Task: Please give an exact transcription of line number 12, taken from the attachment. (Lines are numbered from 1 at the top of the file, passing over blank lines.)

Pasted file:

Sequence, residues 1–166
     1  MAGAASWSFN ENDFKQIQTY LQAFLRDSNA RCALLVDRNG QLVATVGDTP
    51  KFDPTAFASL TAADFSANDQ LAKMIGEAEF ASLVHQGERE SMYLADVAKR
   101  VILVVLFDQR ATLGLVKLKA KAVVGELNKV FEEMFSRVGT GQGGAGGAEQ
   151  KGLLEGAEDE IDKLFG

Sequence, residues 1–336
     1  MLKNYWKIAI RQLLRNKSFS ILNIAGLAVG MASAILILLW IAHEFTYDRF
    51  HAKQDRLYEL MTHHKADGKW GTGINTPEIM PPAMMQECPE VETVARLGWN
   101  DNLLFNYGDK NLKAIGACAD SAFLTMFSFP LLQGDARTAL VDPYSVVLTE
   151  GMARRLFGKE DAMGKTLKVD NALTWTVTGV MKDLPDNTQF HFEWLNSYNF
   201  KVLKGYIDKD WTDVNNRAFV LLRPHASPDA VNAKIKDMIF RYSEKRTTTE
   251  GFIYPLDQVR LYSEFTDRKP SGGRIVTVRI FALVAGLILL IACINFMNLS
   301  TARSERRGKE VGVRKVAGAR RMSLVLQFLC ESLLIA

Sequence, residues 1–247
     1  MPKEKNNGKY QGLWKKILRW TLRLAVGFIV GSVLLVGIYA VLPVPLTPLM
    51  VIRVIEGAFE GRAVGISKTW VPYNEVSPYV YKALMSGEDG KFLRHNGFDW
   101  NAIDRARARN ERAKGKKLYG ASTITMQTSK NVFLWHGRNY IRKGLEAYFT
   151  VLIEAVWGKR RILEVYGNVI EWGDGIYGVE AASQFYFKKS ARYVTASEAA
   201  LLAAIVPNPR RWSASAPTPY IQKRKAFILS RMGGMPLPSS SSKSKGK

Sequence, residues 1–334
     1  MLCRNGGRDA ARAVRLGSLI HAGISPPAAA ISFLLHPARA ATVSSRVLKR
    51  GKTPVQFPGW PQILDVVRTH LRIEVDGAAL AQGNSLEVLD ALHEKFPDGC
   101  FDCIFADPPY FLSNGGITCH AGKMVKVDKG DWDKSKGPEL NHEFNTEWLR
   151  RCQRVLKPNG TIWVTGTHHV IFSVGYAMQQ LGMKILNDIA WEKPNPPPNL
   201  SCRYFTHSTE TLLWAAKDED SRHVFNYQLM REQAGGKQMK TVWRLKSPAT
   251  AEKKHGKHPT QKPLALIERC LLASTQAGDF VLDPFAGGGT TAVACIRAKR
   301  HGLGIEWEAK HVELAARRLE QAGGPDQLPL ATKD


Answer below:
   251  GFIYPLDQVR LYSEFTDRKP SGGRIVTVRI FALVAGLILL IACINFMNLS